Writer, mother, reader, traveler, teacher, partner, photographer, activist, friend, fangirl, student, critic, citizen, environmentalist, feminist, vegetarian, enthusiast. TrekToday staffer for many years, former news reporter, current retro reviewer.

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  • SJStar

    Really nice review Michelle. A pretty good summary i’d think…

    Though “Quark’s convincing hapless Bajorans to buy seats on escape transports isn’t particularly funny “. It isn’t meant to be, he is hedging his bets for the loss of profit if the bar is closed due to the station were evacuated for real. In his eyes, he does what Ferengi always do, look for a reason to take the advantage. To human eyes it is an outrageous lack of compassion, but then again Quark does not hold our human such sensibilities.

  • Guest

    “even if Dax credits a male former host for her scientific know-how”

    Yes, even if…as we all know nothing good can come from the involvement of a man, right?

    Pleh, indeed.

  • hostile_17

    Well if you’re a man you’re certainly helping that theory with your inane comment.

  • mvdelaney77

    Not a bad review… I wish you would proofread through them once, mind you… there are several sentences that make zero sense without guessing what you meant.

  • mvdelaney77

    You do realize that neither women, nor homosexuals, nor anyone else in the world will ever actually reach their potential with this sort of attitude, right?

    They aren’t as capable until they act as capably… and part of that is abandoning victimizaiton as the main through-line.

    I don’t ever think homosexuality should be showcased in Star Trek as something special. If the world of Trek is as we have been presented and are expected to believe, then homosexuality wouldn’t turn a single head. Portraying it as anything but mundane and commonplace would violate the very basic notions of how the Trek world works. Similarly, women will never attain full equality in the workplace or anywhere else in the world as long as they’re harping on men… and I’m not talking about Star Trek there. In real life, if you can’t get over the past and the limitations therein, you’re screwed.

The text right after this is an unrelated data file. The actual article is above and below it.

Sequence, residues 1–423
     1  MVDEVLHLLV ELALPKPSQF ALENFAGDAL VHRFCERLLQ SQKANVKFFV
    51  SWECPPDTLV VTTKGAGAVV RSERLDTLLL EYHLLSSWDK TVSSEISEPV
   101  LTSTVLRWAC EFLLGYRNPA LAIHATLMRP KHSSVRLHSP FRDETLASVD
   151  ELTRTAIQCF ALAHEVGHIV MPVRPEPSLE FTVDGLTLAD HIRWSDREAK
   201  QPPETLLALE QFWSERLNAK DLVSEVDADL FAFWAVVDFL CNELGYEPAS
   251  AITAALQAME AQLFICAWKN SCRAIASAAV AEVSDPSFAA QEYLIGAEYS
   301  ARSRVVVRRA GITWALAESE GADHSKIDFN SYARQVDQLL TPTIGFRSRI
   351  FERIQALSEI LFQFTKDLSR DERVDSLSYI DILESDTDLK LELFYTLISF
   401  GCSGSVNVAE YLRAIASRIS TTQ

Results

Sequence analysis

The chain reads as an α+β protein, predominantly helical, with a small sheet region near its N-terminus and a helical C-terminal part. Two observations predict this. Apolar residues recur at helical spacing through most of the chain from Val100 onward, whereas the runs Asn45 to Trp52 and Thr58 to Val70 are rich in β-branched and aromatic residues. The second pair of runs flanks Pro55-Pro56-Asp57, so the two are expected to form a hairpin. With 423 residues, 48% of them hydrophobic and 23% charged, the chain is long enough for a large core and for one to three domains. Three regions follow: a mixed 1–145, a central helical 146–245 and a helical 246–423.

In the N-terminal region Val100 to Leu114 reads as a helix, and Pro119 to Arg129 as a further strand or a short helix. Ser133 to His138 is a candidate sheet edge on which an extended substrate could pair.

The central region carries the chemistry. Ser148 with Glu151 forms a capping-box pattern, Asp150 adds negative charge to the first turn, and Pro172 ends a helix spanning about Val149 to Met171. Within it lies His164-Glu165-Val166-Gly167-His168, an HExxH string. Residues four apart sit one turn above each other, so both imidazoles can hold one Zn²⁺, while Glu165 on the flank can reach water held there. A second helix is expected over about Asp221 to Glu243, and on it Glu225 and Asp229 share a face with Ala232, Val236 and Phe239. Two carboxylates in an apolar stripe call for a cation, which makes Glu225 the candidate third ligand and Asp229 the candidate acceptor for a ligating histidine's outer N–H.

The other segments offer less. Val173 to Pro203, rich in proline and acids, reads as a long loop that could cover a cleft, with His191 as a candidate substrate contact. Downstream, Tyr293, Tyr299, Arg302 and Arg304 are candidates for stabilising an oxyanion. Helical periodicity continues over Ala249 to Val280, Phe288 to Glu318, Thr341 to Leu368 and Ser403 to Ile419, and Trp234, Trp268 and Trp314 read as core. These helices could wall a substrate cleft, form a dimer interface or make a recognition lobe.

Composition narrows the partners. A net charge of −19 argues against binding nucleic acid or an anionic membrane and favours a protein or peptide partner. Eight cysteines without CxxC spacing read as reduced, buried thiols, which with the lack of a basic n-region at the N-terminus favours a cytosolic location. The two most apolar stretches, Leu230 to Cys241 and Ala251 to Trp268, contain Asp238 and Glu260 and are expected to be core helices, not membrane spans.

Jadzia didn’t make mention of her scientific knowledge coming from a man. She mentioned it as having come from a previous host. The reviewer is the one stuck on the fact that that host was male. No guy that I ever have known would feel good or badly about that. None of us care, to be honest. I never hear references to Dax’s old hosts and think, “Boy, Dax would be better as a man.” It never happened. But, apparently the contrary is true. Women seem consumed by this. When did Dax learn a, b, and c? Was Dax a man at that point? Who cares? Obviously the reviewer, but nobody else in the world beyond some psycho feminists. Please, at least pull your head out of the inner labia! This is Star Trek, not a class on feminism and reading into anything possible to make men look bad.

    Yes, Dax learned something before she was a woman. I’m sorry if that’s upsetting. I’m sorry she didn’t lose all of her memories from being a man so all credit for everything she ever does could go to her female host… at least then, perhaps, we could get a review without this crap involved.

    It’s not a bad review, but pieces of non-sense like this keep getting thrown in… And that’s fine… but don’t jump down the throat of another commenter when he wants to reply to the subject… Maybe you should jump down Michelle’s throat for bringing up the silly notion of gender in this review in the first place… but if she’s going to bring it up in such a hamfisted manner, surely you wouldn’t begrudge one of us neaderthals from commenting on it, right?